TraitQuest aims to change the experience between employees and HR personnel with a web-based performance management solution
BEAM Team31 Jan, 2017
This article was first published on Digital News Asia
MANY of us associate the performance appraisals we receive at work with stress and apprehension and that often applies to not only employees, but human resources (HR) managers as well.
Local startup TraitQuest Sdn Bhd however, aims to change that experience for employees and HR personnel with their web-based performance management solution TraitQuest.
“We want to make work performance fun and rewarding,” TraitQuest chief executive officer and founder Leonard Lee (pic) told Digital News Asia in a recent interview. How are they doing that? By introducing video game elements and game mechanics to something as ‘serious’ as HR.
“It is essentially gamification in the workplace. Games have different levels and reward points. We use these in tracking progress and measuring performance. For example, employees can earn reward points for performing well and earn a chance to work from home once a week. These are benefits that companies can give out to deserving employees, to reward employees,” Lee explained.
He highlighted that research has shown that monetary rewards have limitations, however, companies can help retain employees with non-monetary rewards. “With this system, they (companies) can track performance and reward employees accordingly.”
According to Lee, TraitQuest offers a web-based performance management system that enables employees to manage claims, time management, leave application, log and track their work progress. The company offers their system on a software as a services model, charging companies per employee per month.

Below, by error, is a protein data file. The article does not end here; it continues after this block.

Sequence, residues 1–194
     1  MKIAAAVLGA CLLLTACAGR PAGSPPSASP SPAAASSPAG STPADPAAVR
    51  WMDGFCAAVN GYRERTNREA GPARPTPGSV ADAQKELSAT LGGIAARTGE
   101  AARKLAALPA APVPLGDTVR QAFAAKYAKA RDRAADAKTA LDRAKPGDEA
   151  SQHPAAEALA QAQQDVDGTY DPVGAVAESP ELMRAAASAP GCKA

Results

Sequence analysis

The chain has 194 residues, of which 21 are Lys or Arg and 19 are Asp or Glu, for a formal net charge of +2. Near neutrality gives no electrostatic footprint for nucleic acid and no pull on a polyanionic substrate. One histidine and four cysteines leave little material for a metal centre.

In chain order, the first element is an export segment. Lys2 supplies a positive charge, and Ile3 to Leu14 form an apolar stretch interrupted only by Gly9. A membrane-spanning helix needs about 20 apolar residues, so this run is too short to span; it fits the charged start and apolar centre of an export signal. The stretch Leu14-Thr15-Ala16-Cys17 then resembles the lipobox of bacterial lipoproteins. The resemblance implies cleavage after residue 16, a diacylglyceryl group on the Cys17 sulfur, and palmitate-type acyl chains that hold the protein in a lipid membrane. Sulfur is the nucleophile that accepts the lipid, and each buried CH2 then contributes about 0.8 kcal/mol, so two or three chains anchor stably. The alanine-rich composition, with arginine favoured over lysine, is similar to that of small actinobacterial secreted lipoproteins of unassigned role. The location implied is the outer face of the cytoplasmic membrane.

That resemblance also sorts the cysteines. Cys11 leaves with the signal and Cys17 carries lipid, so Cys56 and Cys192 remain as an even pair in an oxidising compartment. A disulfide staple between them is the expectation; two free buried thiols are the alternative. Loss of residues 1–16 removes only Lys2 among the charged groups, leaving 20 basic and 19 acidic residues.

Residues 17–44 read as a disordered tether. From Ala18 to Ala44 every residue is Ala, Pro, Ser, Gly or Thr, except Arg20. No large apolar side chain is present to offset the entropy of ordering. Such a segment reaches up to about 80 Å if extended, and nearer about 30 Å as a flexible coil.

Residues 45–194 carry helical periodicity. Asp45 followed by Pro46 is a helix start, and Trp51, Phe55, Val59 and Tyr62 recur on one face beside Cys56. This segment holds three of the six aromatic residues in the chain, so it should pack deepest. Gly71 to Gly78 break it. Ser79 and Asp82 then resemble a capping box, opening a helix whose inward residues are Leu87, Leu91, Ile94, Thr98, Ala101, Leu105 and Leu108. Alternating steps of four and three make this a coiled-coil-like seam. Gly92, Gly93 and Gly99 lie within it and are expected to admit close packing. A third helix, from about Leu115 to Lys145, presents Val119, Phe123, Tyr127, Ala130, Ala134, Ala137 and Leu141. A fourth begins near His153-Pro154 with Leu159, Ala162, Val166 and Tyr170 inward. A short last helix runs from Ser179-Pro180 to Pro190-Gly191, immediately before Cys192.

“The system gives feedback to the employee and helps HR in streamlining processes and getting rid of paperwork. When you achieve something, you get points, similar to getting a badge in Foursquare. This gives a sense of achievement and belonging to the employee. Attrition rate is usually high because they don’t feel like they belong,” Lee explained, adding that research shows that employee attrition rate in corporate Malaysia is about 14%.
The top problems businesses face are people problems, high attrition rate, difficulty retaining talent and attracting quality talent. TraitQuest, said Lee, aims to improve employee engagement, motivation and morale, improve HR and heads of departments’ performance, and ultimately, improve business performance, as well as transform work culture and the brand as an employer.
The problem of improper performance management tracking is especially acute with small-and-medium enterprises (SMEs), causing employees to leave out of frustration, said Lee. “In SMEs, they don’t care what effort you put in for the whole year, they only care about the three months leading up to your appraisal. Whether the boss likes you or not, or you did what he or she wanted you to do, that’s all subjective. There’s a measurement of sales, but other than that, your effort doesn’t count. That’s a huge problem I faced and know that others face that too.